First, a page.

My view, in the observations on the national debt, was not so much to recommend my particular method of diminishing it, in preference to other methods, as to show, that most methods were nearly equally useful lor this purpose, provided the same sum of money was applied every year to that purpose, for the same number of years, without any interruption; and that those methods were the fittest to be adopted, which were least likely to be interrupted.
Your old friend, Mr. Jackson, is pretty well in health, but is not in Parliament; and Lord John Cavendish, and Mr. John Yorke, and many other gentlemen of respectable character and condition, are not so now. I should have been very happy to have seen you again in England, and so, I am persuaded, would have been many of your friends, notwithstanding the late unfortunate contentions. But, since that cannot be, and you are returning to America, I heartily wish you health and strength to bear the journey with ease, and to enjoy your friends and your situation in that part of the world; and I hope, that you will have the satisfaction of contributing, by your wisdom and moderation, to soften the animosities that now prevail there, and to introduce a spirit of peace, settlement, and good order, in their stead, and thereby crown the great work, to which you have so much contributed, of establishing those new States in liberty and independence. I remain, with great regard, &c.
TO FRANCIS MASERES.
Results of the American Contest. — State of Jlmerica. — The Loyalists. — Confiscation of Estates.
Passy, 86 June, 1785. SlRV
I have just received your friendly letter of the 20th instant. I agree with you perfectly in the opinion, that, though the contest has been hurtful to both our countries, yet the event, a separation, is better even for yours than success. The reducing and keeping us in subjection by an armed force would have cost you more than the dominion could be worth, and our slavery would have brought on yours. The ancient system of the British empire was a happy one, by which the colonies were allowed to govern and tax themselves. Had it been wisely continued, it is hard to imagine the degree of power and importance in the world that empire might have arrived at. All the means of growing greatness,. extent of territory, agriculture, commerce, arts, population, were within its own limits, and therefore at its command.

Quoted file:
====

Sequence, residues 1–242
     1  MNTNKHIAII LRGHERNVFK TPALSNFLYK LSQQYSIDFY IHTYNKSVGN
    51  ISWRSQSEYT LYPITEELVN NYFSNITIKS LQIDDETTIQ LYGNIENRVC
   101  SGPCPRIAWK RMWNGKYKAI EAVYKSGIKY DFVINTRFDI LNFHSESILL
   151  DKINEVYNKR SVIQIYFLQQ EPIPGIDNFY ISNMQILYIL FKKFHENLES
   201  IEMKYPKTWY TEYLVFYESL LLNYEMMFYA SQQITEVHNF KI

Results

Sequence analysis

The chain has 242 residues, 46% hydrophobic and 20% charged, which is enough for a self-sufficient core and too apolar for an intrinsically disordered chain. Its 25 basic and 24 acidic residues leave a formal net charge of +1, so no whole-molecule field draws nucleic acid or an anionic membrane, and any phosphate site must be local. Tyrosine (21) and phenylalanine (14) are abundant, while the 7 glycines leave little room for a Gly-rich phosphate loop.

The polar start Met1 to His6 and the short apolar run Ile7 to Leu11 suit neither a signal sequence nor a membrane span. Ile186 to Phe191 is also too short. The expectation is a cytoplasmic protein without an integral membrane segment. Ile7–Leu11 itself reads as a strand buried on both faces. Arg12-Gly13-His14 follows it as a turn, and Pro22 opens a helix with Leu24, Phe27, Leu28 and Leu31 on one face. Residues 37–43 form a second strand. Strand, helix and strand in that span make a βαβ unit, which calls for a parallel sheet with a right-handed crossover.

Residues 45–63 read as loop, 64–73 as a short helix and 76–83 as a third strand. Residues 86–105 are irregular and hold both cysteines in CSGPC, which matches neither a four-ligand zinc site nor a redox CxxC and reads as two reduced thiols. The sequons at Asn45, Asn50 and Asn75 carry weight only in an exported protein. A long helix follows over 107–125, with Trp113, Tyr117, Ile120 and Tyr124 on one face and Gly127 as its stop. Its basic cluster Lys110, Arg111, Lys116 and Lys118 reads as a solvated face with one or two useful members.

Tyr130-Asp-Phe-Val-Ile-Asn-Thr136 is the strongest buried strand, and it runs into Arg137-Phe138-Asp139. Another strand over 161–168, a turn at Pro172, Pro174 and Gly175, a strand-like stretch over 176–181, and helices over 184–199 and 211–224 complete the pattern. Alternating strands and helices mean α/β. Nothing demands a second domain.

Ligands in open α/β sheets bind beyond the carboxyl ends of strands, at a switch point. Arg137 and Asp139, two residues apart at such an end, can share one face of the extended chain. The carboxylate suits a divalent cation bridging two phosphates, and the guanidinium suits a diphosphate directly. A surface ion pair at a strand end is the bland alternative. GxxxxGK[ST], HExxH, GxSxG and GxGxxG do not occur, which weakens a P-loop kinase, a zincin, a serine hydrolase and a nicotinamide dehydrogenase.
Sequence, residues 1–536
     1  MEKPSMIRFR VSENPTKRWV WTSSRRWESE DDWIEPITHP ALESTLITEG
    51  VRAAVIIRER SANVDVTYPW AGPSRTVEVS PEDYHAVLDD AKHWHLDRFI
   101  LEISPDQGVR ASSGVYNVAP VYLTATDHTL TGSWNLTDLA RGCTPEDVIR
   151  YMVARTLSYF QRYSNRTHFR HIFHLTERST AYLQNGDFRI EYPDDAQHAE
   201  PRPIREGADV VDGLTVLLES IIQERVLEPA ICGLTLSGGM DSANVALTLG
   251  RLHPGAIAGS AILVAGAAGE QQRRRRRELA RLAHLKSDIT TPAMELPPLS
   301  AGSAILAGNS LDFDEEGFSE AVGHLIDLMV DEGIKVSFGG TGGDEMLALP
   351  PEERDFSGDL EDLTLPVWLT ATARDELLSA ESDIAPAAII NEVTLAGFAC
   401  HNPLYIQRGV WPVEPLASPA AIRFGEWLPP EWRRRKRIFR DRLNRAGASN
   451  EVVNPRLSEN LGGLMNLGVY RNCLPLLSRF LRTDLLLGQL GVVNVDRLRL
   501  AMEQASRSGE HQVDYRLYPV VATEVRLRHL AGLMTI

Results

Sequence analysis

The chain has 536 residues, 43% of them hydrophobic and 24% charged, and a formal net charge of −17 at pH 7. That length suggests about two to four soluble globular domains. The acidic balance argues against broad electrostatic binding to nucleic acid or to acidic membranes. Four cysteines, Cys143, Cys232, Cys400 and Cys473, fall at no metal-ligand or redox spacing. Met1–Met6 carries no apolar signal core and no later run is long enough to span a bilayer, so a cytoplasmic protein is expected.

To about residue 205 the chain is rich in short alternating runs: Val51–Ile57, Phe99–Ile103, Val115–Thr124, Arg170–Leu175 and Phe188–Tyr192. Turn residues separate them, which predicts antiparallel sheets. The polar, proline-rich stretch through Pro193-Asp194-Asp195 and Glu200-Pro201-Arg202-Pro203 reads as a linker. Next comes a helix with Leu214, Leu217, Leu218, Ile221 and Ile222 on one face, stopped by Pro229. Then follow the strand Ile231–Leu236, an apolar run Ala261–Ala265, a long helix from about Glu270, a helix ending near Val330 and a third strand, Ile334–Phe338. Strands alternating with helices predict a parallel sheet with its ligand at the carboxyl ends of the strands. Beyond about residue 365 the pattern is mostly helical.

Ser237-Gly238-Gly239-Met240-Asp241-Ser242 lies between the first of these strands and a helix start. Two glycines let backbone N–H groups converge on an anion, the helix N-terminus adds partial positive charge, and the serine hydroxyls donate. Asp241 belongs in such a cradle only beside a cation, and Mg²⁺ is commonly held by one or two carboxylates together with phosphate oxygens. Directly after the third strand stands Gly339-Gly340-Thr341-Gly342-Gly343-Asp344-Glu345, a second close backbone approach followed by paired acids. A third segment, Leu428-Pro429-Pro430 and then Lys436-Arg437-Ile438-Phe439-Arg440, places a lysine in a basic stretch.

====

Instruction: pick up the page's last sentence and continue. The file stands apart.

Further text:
I used to consider that system as a large and beantiful porcelain vase; I lamented the measures that I saw likely to break it, and strove to prevent them; because, once broken, I saw no probability of its being ever repaired. My endeavours did not succeed; we are broken, and the parts must now do as well as they can for themselves. We may still do well, though separated. I have great hopes of our side, and good wishes for yours. The anarchy and confusion you mention, as supposed to prevail among us, exist only in your newspapers. I have authentic accounts, which assure me, that no people were ever better governed, or more content with their respective constitutions and governments, than the present Thirteen States of America.
A little reflection may convince any reasonable man, that a government wherein the administrators are chosen annually by the free voice of the governed, and may also be recalled at any time if their conduct displeases their constituents, cannot be a tyrannical one, as your Loyalists represent it; who at the same time inconsistently desire to return and live under it . And, among an intelligent, enlightened people, as ours is, there must always be too numerous and too strong a party for supporting good government and the laws, to suffer what is called anarchy. This better account of our situation must be pleasing to your humanity, and therefore I give it you.
But we differ a little in our sentiments respecting the Loyalists (as they call themselves), and the conduct of America towards them, which, you think, "seems actuated by a spirit of revenge; and that it would have been more agreeable to policy, as well as justice, to have restored their estates upon their taking the oaths of allegiance to the new governments." That there should still be some resentment against them in